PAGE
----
‘I saw him emerge from the shadow into the morning sunlight and stand arrested, starting at something that aroused his curiosity in such a way that mine was aroused too, and almost unconsciously I turned my head and so saw not what the tiger saw, or fancied he saw, but Dora’s profile : the small speckling of sweat on her upper lip, the partly opened mouth and lowered Jaw, her perfect stillness, the isolated pulsing movement of a vein in her neck, her appearance of being bewitched and totally unafraid. At once the waves of her enchantment made themselves in a faint vibration, a sawing of the air all about the ‘machan’ a compound of our breathing and the tiger’s breathing. The tiger stood quite in the open now, but I made no move to bring the gun to bear on him. He made a perfect target.
The phrase ‘PERFECT TARGET’ was in my mind but there was something wrong with it and presently, when quite unexpectedly he lost interest in whatever it was he had been looking at or listening to and moved to a patch of dappled sun and shade, lay down and began to lick his paws, I knew it was the word target that was wrong. There as no target in that place, just myself and Dora, the surrounding forest and the target washing himself. And then it was not a question of being awestruck by the tiger’s burning bigness or of seeing in it a kind of savage nobility. But it was, and in the sunlight seemed to burn so that Blake’s poem came to me with an authority it would not otherwise have done. It was savage and, I suppose, noble in its way. It was a question of being awestruck by something quite other than these things: by the realization that it had a right to be where it is, as much right as I and Dora; not ‘more’ right, but as much right’ [P.64].
This passage has been quoted at such length because it seemed to be of central importance for understanding not only The Birds of Paradise but the Raj Quartet as well, leading to the comprehension of Paul Scott’s vision. The passage also brings to the reader’s mind vividly Hemingway’s observation in The Old Man and the Sea: ‘Who kills who?’ Conway’s inability to shoot the tiger enrages his father, who orders Paluji, the head syce to thrash the boy. His tutor Greyson-Hume comforts him: ‘He knelt by my side and put hand on my shoulder. The hand on my shoulder was the kind of gesture I wasn’t used to. I burst into tears and sought comfort against his huge expanse of chest; and there was this small shock, the shock of finding a man’s breast was warm even though it was hard’ [P.68].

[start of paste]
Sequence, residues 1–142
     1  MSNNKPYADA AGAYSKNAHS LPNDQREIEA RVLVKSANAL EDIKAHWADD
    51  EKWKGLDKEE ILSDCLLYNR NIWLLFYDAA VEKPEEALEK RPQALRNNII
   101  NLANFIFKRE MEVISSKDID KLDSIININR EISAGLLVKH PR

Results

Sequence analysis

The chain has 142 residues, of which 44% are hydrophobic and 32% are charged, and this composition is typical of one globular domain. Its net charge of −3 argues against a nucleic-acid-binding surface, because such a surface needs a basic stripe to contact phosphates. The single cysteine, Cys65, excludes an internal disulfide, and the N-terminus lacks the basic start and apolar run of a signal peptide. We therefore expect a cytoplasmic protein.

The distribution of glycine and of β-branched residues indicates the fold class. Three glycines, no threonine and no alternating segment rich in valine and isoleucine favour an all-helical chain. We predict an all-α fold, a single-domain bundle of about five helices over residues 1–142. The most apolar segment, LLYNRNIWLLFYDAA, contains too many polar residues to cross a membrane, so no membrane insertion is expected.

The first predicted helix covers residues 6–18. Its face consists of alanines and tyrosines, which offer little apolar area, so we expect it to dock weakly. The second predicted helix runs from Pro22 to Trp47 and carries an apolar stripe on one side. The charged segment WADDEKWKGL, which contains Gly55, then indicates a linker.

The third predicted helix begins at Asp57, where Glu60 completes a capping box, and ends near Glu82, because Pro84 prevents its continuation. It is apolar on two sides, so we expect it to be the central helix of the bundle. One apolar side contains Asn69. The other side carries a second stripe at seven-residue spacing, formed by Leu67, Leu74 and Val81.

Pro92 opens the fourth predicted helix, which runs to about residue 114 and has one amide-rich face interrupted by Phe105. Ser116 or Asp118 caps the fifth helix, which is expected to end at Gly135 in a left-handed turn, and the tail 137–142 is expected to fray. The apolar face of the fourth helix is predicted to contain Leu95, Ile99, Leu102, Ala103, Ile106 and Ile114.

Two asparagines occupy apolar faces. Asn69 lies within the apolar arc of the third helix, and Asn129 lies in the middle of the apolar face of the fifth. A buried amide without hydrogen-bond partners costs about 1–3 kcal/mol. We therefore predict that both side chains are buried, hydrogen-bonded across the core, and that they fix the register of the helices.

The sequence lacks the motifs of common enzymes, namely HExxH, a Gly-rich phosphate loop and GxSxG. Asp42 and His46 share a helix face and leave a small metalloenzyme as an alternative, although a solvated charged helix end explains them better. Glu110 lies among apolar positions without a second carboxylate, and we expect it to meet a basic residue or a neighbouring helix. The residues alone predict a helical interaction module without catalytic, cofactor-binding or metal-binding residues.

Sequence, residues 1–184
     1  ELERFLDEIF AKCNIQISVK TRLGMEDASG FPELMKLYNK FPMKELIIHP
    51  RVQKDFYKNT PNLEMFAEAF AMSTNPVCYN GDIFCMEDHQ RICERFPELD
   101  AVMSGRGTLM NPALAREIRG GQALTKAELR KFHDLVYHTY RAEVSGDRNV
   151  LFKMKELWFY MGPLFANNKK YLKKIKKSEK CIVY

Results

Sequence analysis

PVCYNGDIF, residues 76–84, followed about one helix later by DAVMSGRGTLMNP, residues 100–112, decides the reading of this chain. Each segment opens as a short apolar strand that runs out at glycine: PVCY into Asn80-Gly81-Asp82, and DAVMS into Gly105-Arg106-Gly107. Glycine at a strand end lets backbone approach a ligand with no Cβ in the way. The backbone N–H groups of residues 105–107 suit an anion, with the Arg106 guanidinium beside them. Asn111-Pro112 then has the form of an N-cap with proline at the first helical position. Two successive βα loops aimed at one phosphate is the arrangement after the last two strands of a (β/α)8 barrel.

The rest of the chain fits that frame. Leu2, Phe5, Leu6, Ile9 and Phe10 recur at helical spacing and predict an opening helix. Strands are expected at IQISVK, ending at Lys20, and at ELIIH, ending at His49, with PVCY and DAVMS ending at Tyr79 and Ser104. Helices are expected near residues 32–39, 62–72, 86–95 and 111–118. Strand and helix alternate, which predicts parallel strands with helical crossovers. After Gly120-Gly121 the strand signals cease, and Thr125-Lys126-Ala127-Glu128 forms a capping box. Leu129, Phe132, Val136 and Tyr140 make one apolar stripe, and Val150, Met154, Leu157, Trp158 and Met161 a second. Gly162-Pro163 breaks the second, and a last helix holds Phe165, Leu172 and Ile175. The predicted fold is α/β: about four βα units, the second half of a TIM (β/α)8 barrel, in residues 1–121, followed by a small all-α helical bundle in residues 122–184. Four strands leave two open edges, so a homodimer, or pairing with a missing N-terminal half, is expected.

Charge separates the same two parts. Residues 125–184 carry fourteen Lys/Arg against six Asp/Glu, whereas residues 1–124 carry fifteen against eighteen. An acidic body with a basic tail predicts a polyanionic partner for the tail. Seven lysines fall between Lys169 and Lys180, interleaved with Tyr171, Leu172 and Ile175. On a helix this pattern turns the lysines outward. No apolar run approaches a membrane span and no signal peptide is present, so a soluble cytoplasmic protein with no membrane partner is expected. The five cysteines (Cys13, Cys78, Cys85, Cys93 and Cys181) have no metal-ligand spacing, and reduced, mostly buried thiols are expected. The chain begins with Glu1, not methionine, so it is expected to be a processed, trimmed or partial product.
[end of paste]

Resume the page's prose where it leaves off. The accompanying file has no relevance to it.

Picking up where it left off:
The boy understands that the idea of his father punishing him was showing them that Paluji and he were born equals into the world and that what they became later was up to each of them. The boy mounts the pony and calls Paluji loudly, feeling it his duty as young master to speak first and show him that he bore no ill-will for having done his duty. Conway recollects the visit to the lake island. He goes there with Dora and Krishi and comes across a hexagonal cage with an onion shaped dome in the middle of the clearing. Looking up he notices the ‘Paradaisaidae’ suspended there in simulated flight, swooping, hovering and soaring, above the leaves and branches of their natural forest.
The birds had been collected by Krishi’s grandfather, their wings and bodes supported on wire cradles and braces and rods connected them to the domed roof. ‘It was the fact that the birds were dead that gave them their special power. Their deadness was more disturbing than the restlessness of a cage full of birds’. Conway declares : ‘And I needed Krishi as a standard of comparison as well as an ally, the British were, indeed, propped up by the native princes. Neither the British Empire nor its faithful Officers like Robert Conway will be able to defend and protect the princess because ‘they were pawns dressed up as Knights’ [P.160].